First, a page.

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Gary Player's captaincy under the spotlight

Criticism of Gary Player's captaincy at last month's Presidents Cup refuses to die. Just when you thought you heard the last word on the matter, Nick Price decides to sound off.

Price, a three-time major champion and former world No. 1, is among the most popular golfers around and not prone to controversy. So when he's upset enough to go public, his words carry plenty of weight.

Price is upset that Player, who was in charge of the International team that lost to the United States, did not offer him the role of assistant captain until the last minute.

"He tried to get hold of me the night before he announced the team," said Price at the Funai Classic at Disney World. "That's not the right thing to do, and then he threw me under the bus in the media, saying 'I've tried to get hold of Nick and he's refused to do it'. He had four or five months to ask me and if he'd asked me earlier I probably would have (accepted)."

Player's search for an assistant turned into a farce, with several others also declining the role before Ian Baker-Finch was offered the position, virtually by default.

Baker-Finch, who was also Player's assistant at the 2003 Presidents Cup, was widely praised for his performance back then, and many insiders believe he should have been Player's first pick this year as well.

Price's criticism comes on the heels of that of Mark Hensby, a member of Player's team who was anything but impressed by the captain's decisions.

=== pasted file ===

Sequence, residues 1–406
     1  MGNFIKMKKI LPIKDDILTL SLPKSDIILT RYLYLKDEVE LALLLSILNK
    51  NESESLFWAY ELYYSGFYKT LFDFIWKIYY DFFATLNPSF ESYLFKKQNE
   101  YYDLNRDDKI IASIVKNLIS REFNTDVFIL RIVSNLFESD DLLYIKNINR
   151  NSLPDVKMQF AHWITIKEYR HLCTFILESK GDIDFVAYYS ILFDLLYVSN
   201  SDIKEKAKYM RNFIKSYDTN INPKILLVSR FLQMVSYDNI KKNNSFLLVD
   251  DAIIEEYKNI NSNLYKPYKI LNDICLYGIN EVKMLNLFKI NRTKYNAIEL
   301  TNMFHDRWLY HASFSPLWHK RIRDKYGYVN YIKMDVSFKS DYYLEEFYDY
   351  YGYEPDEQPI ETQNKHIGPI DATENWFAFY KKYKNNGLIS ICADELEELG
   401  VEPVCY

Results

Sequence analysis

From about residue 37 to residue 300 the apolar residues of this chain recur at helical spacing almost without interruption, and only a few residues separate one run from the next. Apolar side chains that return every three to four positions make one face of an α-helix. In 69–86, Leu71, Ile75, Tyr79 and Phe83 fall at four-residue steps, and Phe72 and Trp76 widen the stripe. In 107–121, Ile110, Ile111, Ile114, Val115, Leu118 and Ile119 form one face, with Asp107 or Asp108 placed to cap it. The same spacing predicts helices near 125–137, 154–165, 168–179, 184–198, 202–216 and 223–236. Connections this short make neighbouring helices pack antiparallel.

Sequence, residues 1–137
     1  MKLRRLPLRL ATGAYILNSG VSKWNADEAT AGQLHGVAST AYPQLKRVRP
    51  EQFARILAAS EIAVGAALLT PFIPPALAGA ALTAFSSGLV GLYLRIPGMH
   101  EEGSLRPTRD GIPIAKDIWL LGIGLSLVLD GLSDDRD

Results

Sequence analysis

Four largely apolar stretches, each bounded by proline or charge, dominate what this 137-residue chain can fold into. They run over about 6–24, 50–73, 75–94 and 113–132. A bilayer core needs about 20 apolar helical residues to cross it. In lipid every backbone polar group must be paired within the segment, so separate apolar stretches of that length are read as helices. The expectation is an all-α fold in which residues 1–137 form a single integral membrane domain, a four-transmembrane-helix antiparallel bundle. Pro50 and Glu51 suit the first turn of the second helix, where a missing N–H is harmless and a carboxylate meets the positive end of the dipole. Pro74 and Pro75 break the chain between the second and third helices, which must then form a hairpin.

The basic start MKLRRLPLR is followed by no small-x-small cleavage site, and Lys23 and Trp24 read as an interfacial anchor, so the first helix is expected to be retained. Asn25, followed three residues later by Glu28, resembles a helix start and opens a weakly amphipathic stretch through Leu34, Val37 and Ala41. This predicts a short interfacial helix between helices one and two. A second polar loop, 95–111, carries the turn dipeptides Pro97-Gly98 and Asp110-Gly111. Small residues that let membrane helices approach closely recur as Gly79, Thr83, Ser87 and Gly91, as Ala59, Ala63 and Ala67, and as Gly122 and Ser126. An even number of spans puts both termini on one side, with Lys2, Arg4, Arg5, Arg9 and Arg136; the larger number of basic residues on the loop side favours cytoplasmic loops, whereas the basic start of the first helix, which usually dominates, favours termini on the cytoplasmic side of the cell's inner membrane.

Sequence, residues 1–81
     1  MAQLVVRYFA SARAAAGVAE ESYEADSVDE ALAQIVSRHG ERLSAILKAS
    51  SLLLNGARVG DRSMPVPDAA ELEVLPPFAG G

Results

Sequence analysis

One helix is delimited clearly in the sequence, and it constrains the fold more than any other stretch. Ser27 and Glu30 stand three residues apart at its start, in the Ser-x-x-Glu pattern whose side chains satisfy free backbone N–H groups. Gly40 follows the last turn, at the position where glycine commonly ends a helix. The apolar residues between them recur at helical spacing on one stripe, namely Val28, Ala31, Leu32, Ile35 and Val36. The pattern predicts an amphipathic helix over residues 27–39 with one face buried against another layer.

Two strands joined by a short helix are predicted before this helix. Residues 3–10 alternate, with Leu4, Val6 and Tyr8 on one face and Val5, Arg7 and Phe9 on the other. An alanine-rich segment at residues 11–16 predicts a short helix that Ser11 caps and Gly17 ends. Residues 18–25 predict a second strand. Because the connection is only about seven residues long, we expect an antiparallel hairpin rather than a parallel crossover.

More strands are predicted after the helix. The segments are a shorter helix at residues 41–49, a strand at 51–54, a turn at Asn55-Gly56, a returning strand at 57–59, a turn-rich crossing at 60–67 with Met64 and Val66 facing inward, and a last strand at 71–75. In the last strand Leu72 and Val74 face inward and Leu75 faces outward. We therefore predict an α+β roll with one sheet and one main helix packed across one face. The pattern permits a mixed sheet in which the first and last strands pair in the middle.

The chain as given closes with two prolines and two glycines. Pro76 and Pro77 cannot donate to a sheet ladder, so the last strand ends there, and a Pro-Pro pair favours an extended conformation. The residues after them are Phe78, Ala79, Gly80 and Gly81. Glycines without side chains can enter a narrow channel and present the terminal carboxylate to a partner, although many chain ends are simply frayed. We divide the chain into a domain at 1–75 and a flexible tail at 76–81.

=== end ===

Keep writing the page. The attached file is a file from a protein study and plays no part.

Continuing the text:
Hensby publicly stated that Player was out of touch with the members of the team, did not communicate effectively and made some questionable decisions in his team pairings.

And there was also widespread criticism of Player's decision to take fellow South African Trevor Immelman as one of his two captain's picks, even though Immelman was a lowly 21st on the International standings.

Immelman subsequently compiled a mediocre 1-3 record, adding fuel to the fire.

But at least Player's critics won't have to worry about him returning in 2007, when the International captaincy is expected to go to either Price or Greg Norman. Price has thrown his support behind Norman.

"He's a little older than me and out of respect he should be the next one to be asked," Price said. "I would feel a little uncomfortable if they asked me ahead of him. He put a lot into the Presidents Cup and he's done a lot for international golf."

Norman will be 52 when the 2007 event is played at Royal Montreal in Canada, while Price will be the same age in 2009, when the competition returns to the U.S.

October 25, 2005

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